Sunday, 21 March 2010

Salinger Letters

JD Salinger comrade recalls 'emotional and warm' friend

Alison Flood
Friday 19 March 2010 16.00

Werner Kleeman, 91, who fought alongside the writer in the second world war, reveals hitherto unseen letters

JD Salinger's austere public image has been belied by the memories of an old comrade from the second world war, who has been reminiscing about their friendship after unveiling a hitherto unseen correspondence.

Werner Kleeman met Salinger in March 1944 while they were stationed in Devon with the 12th infantry regiment of the 4th infantry division. Kleeman, 91, told Spiegel Online that on meeting the late author he "saw right away that [Salinger] was a bit of an eight-ball. He refused to tie the straps of his helmet. He did what he wanted to do."

"We became grown-ups together, we had to," Kleeman continued. "I knew Jerry like not many knew him ... We both went through hell. That binds you together." Questioning Salinger's reputation as standoffish and unfriendly, Kleeman said the author was "very humble [and] emotional and warm".

After Salinger died in January, Kleeman dug out the letters the author had sent him over the years. The correspondence sees Salinger describing himself as "a perennial sad sack" and telling Kleeman about his new husky puppy, as well as reminiscing about the pair's meeting with Ernest Hemingway during the war; Kleeman told Spiegel Online that they drank champagne from plastic cups and listened to Hemingway, then working as a war correspondent, tell his adventure stories.

He visited Salinger's New Hampshire home twice, where the two "spent hours on the balcony chatting", and where Kleeman says he was shown "the room where he kept all his manuscripts". The reclusive author, whose last published work was Hapworth 16, 1924 in 1965, is said to have left a cache of around 15 novels that have never been published.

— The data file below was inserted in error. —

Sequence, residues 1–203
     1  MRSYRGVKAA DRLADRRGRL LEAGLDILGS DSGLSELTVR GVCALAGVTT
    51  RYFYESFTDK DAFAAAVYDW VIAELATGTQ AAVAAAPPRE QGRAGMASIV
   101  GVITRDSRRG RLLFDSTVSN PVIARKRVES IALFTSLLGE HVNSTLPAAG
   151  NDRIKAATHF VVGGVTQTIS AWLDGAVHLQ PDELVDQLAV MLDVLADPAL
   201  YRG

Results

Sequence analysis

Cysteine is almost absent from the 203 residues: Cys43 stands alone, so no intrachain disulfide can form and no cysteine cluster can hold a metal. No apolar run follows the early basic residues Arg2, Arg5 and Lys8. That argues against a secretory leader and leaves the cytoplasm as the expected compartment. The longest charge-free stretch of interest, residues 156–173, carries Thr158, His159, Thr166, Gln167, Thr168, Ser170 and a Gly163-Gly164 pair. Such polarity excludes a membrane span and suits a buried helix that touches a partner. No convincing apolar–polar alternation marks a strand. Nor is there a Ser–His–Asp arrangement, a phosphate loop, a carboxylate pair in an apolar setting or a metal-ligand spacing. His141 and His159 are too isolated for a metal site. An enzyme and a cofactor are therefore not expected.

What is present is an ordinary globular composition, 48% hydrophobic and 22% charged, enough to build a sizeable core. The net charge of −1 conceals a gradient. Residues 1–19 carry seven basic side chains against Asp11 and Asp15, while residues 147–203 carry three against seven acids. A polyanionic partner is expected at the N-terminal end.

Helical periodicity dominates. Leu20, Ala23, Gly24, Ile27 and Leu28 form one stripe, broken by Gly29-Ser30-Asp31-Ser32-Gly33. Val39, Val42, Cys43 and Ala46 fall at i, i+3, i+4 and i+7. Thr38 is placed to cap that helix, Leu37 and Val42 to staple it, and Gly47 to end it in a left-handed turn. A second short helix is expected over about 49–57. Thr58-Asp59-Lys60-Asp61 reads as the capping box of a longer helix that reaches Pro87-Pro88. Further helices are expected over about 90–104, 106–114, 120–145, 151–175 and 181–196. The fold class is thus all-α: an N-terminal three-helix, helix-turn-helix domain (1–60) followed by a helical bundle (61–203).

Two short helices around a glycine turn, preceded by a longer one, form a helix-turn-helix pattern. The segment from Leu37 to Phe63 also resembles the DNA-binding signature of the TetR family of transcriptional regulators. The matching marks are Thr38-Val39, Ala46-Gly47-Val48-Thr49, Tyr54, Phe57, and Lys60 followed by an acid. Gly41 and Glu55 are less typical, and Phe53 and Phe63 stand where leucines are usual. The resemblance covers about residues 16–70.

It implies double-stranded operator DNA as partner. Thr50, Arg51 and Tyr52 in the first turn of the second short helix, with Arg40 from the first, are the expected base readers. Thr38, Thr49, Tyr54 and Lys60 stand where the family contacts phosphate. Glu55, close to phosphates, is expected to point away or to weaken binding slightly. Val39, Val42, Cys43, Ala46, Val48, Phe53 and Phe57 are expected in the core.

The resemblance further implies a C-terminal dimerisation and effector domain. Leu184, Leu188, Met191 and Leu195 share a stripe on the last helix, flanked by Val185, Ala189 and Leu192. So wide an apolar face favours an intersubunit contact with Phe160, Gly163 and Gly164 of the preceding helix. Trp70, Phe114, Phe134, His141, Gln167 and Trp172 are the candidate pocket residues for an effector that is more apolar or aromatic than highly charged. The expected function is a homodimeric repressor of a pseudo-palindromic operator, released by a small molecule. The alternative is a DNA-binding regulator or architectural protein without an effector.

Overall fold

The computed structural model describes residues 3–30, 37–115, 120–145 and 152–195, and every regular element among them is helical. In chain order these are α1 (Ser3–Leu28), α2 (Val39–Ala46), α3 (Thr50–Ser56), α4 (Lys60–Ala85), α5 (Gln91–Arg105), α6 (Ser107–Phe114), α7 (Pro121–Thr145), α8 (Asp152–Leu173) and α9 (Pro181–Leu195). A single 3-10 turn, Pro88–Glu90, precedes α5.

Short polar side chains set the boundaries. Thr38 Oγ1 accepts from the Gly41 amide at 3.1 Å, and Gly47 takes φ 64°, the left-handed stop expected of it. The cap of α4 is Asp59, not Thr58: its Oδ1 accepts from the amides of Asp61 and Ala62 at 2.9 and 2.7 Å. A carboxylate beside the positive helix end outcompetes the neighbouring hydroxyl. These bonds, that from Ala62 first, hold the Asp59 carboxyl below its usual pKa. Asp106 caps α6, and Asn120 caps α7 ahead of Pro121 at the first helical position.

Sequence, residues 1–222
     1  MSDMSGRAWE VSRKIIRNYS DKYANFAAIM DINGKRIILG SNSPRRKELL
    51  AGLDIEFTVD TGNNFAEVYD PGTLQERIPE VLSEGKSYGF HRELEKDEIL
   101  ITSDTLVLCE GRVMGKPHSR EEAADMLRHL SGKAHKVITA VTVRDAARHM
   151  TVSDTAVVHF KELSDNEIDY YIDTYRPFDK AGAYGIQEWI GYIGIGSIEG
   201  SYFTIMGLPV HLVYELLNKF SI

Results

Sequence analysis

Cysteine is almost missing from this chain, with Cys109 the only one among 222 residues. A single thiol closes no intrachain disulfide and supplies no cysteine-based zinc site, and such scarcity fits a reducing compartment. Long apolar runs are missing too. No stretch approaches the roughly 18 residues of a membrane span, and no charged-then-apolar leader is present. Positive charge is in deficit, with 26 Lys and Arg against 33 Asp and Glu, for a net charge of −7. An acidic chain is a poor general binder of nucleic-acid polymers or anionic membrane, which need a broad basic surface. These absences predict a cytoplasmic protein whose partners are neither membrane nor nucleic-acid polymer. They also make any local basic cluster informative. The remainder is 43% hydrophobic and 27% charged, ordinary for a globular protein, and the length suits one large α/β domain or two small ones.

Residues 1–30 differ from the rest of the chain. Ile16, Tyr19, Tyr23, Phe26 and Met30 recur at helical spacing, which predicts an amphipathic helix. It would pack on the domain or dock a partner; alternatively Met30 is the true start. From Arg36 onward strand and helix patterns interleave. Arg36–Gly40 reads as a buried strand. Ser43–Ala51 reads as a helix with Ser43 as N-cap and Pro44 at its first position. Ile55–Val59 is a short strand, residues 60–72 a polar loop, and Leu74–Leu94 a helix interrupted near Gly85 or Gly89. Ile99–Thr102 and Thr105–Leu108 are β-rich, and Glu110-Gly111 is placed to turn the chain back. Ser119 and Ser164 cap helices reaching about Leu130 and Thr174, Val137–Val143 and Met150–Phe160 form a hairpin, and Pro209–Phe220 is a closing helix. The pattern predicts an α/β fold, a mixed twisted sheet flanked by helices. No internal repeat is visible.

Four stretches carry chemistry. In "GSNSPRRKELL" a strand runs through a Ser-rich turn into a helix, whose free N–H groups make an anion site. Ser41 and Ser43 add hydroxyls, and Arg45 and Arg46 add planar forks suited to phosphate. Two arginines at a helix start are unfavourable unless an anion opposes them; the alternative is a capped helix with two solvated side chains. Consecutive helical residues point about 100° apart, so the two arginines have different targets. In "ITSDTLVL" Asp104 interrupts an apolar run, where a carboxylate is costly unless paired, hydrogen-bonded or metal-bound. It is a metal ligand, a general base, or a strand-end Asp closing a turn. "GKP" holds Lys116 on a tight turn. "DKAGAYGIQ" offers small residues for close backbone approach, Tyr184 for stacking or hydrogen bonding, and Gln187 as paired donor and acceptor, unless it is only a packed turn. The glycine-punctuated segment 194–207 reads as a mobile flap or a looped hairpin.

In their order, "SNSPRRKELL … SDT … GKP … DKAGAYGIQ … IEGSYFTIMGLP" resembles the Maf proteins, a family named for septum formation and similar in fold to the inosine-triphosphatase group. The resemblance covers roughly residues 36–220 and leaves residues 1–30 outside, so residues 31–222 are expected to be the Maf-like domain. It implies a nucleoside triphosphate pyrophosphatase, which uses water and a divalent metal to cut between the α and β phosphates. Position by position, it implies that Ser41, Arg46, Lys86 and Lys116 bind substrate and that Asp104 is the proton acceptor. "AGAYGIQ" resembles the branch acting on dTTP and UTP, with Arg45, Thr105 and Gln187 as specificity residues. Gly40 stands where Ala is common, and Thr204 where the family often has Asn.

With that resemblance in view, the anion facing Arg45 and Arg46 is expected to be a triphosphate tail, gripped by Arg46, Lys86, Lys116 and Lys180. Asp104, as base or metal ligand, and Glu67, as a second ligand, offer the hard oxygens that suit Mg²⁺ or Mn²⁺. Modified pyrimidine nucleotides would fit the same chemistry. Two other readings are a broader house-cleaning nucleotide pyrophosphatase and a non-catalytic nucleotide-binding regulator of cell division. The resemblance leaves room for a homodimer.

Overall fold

The typewritten letters, signed "Jerry," "Yours, Jerry" or "Best always, Jerry", are currently kept in a bank by Kleeman, but New York museum the Morgan Library said they could be worth $60,000. "Through them Salinger comes alive," curator Declan Kiely told Spiegel Online. "We would love to have those."

And a letter from Salinger!

Inside the Mind of a Young J.D. Salinger

The late author's second short story for Esquire appeared in the October 1945 issue and so did this brutally honest letter in which he questions his ability to write a novel.

J.D. Salinger writes: "I am twenty-six and in my fourth year in the Army. I've been overseas seventeen months so far. Landed on Utah Beach on D-Day with the Fourth Division and was with the 12th Infantry of the Fourth until the end of the war here. The Air Corps background for This Sandwich Has No Mayonnaise comes naturally because I used to be in the Air Corps. Have also been in the Signal Corps. Am also a graduate of Valley Forge Military Academy. After the war I plan to enlist in a good, established chorus line. This is the life. I've been writing short stories since I was fifteen. I have trouble writing simply and naturally. My mind is stocked with some black neckties, and though I'm throwing them out as fast as I find them, there will always be a few left over. I am a dash man and not a miler, and it is probable that I will never write a novel. So far the novels of this war have had too much of the strength, maturity and craftsmanship critics are looking for, and too little of the glorious imperfections which teeter and fall off the best minds. The men who have been in this war deserve some sort of trembling melody rendered without embarrassment or regret. I'll watch for that book."

1 comment:

  1. Salinger. Catcher... What memories. I hope we get to read his unpublished works someday, as we supposedly did with some of Hemingway's words, posthumously.